To dissuade coyotes from doing more than just passing through, it is important not to have any accessible food available. Pet food should never be left out, and garbage should be well secured. All pets, particularly small ones, need to be supervised or kept indoors. Coyotes don’t see these as your pets, but rather as moving prey, like any other gopher, skunk or raccoon. Very high fences work — here is one of the best websites I’ve seen with practical solutions for coexistence: http://wdfw.wa.gov/living/coyotes.html
 
Why are we even seeing coyotes in parks and neighborhoods? Might they be learning that they are safer in these areas? Please remember that coyotes are shot from helicopters en-masse in “wilder” areas, or they are pursued by hunters. This murdering activity is, for the most part, not allowed in our suburban and urban areas. Coyotes which have discovered this new niche are benefiting from it.
 
I do know some academics who have studied, or are studying territoriality and migration. Professor Stan Gehrt of Ohio State University is doing amazing studies on coyote territoriality and social structure in the Chicago area where they have 2000 coyotes. Professor Ben Sacks of UC Davis has studied coyote DNA to determine where coyotes emanated from and what kind of habitat they eventually choose. If you would like me to search further, or contact these academics — I would be very happy to do so, since this topic is something I’m working on. I don’t know of any particular websites that go into this.
 
Sincerely, Janet
____________________
Dear Janet-

Thank you again for all your suggestions.
I read the State of Washington’s suggestions…very good.
Went to the Ohio State article about Professor Gehrt’s research in Chicago…
(That was really an eye-opener…WOW!)
I also looked up Professor Sacks published papers on coyotes.
And, after all that, I can only think we (in the South Bay) are at the edge
of “a change” in what we think constitutes our environment.
I have high hopes that it’s something people can adjust their think too,
without over reacting.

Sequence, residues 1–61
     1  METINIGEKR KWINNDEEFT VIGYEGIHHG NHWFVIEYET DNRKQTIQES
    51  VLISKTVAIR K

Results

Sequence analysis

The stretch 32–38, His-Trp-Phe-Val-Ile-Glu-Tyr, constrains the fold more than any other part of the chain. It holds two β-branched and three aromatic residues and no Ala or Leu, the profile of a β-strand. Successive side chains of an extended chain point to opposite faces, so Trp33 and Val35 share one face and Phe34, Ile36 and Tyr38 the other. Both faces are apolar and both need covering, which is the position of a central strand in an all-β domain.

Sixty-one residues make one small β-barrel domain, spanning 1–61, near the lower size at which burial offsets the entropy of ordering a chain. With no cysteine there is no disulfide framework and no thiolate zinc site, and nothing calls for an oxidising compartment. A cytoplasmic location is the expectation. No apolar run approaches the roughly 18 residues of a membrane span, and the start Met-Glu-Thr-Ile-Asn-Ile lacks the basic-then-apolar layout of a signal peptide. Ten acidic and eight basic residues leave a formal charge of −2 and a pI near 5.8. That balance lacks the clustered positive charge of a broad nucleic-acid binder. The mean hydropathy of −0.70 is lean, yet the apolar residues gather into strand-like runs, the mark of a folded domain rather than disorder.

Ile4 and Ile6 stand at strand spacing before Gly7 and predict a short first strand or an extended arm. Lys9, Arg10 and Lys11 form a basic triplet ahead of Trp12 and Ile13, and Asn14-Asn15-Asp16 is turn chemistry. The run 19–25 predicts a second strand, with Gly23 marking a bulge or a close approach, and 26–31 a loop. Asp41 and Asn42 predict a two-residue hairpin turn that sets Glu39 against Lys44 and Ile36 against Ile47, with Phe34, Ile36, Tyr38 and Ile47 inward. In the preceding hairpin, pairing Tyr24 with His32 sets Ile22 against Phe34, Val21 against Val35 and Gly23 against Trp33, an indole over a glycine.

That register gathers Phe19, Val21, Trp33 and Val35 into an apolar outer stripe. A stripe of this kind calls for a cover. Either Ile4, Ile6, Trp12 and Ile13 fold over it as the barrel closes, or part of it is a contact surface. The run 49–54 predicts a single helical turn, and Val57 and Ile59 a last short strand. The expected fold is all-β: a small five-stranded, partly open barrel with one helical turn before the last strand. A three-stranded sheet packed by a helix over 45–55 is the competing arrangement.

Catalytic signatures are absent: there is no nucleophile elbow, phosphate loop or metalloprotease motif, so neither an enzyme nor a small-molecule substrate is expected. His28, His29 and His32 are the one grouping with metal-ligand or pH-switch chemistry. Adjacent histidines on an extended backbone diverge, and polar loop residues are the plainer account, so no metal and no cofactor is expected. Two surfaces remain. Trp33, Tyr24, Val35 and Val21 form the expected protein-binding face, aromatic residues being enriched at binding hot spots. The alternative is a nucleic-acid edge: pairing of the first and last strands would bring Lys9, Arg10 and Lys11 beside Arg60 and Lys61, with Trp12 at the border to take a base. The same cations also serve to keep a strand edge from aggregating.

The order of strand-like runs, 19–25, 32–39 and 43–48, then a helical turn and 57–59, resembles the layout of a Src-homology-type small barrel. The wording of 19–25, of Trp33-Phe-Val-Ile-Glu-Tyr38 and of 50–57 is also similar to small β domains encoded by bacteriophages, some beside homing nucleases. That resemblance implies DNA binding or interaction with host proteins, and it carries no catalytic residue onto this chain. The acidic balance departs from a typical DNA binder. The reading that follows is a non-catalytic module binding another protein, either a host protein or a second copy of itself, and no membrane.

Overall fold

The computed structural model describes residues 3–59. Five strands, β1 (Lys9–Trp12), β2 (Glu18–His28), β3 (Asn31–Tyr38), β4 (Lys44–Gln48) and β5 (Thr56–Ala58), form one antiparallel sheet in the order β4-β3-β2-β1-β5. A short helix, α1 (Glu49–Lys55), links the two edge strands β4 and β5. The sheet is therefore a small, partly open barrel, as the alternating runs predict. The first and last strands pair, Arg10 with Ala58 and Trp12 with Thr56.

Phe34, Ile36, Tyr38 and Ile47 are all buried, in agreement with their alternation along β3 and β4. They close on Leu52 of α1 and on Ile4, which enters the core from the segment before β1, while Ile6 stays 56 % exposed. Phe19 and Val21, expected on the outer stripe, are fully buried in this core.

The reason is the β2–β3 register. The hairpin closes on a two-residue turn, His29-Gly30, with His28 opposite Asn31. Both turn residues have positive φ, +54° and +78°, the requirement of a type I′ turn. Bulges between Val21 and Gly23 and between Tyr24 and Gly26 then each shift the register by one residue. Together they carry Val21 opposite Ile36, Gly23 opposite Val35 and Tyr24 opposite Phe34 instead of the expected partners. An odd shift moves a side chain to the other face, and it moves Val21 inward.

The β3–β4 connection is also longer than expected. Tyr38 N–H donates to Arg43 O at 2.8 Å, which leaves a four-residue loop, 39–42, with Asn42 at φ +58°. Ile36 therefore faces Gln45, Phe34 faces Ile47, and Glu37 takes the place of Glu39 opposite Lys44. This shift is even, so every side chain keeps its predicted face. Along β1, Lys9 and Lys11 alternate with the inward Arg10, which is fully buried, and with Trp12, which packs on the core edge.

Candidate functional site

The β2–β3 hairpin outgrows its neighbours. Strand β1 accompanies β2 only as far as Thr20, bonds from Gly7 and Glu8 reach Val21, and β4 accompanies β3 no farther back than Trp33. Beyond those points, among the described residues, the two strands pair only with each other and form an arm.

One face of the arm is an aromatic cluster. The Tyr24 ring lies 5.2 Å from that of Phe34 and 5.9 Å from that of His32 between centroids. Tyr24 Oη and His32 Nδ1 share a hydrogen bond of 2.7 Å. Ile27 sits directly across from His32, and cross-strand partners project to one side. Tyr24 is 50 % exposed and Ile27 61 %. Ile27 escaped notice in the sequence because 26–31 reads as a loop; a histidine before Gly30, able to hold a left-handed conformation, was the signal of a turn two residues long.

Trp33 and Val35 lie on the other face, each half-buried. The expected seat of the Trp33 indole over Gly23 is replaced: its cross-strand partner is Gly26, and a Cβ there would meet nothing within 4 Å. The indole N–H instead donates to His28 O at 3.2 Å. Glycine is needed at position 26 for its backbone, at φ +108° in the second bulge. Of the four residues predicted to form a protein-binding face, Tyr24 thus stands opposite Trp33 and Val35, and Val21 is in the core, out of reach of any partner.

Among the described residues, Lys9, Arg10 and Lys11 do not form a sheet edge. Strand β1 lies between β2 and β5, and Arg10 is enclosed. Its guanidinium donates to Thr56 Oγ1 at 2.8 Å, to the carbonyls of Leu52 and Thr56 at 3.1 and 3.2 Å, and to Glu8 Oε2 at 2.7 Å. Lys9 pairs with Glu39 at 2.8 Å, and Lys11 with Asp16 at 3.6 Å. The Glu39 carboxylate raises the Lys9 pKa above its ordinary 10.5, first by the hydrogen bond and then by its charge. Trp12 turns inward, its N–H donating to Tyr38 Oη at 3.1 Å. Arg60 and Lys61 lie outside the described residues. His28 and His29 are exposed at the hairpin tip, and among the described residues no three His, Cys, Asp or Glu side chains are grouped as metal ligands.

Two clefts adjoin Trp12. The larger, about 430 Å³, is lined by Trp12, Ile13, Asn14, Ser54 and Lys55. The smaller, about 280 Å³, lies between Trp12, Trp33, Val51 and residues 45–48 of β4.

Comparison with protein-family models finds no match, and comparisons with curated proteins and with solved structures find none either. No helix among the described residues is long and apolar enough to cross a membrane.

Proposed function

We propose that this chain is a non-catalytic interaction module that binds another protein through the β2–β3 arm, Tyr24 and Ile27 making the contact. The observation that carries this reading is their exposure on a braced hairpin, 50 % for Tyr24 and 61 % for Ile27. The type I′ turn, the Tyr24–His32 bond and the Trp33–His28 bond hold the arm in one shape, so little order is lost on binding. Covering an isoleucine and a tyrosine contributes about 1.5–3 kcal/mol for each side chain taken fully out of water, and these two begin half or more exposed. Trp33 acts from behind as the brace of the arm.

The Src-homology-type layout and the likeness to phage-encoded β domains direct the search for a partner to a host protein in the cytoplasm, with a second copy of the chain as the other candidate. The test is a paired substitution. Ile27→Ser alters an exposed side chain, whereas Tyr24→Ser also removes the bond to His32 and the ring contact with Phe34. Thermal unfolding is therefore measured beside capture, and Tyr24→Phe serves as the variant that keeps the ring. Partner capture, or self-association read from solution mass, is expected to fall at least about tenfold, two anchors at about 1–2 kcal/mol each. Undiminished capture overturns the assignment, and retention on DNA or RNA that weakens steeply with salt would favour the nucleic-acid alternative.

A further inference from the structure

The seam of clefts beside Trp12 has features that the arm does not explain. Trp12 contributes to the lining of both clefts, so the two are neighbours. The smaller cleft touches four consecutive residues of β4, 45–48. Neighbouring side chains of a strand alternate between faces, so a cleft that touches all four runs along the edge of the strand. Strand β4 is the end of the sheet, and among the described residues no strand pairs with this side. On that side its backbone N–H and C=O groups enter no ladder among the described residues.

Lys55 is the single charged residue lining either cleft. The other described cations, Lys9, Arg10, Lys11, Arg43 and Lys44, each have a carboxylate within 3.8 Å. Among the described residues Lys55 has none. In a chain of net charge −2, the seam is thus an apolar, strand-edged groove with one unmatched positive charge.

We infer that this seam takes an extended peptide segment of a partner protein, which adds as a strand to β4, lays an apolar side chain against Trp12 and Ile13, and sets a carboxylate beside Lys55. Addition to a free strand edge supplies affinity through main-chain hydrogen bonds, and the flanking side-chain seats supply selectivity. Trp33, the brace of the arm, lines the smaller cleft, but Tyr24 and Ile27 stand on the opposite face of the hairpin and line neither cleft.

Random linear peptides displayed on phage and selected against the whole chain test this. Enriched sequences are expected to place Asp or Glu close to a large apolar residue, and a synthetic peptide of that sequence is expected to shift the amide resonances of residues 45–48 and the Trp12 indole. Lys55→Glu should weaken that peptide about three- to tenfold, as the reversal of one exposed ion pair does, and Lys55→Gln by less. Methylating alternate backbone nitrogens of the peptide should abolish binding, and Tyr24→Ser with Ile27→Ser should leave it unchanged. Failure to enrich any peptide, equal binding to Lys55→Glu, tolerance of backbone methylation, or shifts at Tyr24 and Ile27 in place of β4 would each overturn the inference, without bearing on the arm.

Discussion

Thank you again.
Sincerely,
Marcia Bacher

Play and Wait, by Charles Wood

Mom, resting and waiting, wasn’t in the mood to play with her two yearlings. She went so far as to show them some teeth! Once again, they were waiting for their dusk rendezvous and Mom looked spent. This event marked the first time I’ve seen the two 2011 yearlings together, confirming my suspicion that Mom and Dad had two puppies last year. It took about a year for me to see just one of them.

Yearling With Stick, by Charles Wood

My coyotes rendezvous daily around dusk in the same place and have been doing so for the four years I’ve been watching them. They don’t all arrive there at the same time. I’ve often seen one or two family members waiting for others to show up. Once all are together and joyful greetings exchanged, the pack trots away together. I’ve seen some wait for two hours and more, sitting or ambling around. While waiting for each other, I’ve never seen them hunt. The time they spend waiting looks pretty boring for them.

The yearling in the video is passing time by walking around with a stick in its mouth. In the distance to camera right, humans jog and bicycle until it’s time for them to meet up with friends and family for the evening. For humans and coyotes, social contexts are essential.

Individually, coyotes eat small prey and consequently could exist as solitary hunters. Yet coyote food security comes from holding territory and a solitary coyote can’t hold territory. A coyote couple can; and a coyote couple can only raise a family by holding territory. Within that territory, coyote family members don’t depend on group hunts to get food. However coyote families do depend on family members to hold territory. Without family there is no territory and without territory there is no food security for coyotes. Family is food security for coyotes and territory is family.

Within the bond of a coyote couple rests their food security. It is no wonder that a Chicago coyote study researcher has noted no cases of coyote divorce. My Mom and Dad coyotes fundamentally know that eating has been really good since they met, just as good as when they lived back in the homes of their respective parents. In essence, they are each other’s promised land, they are an abundance to each other that only death can put asunder.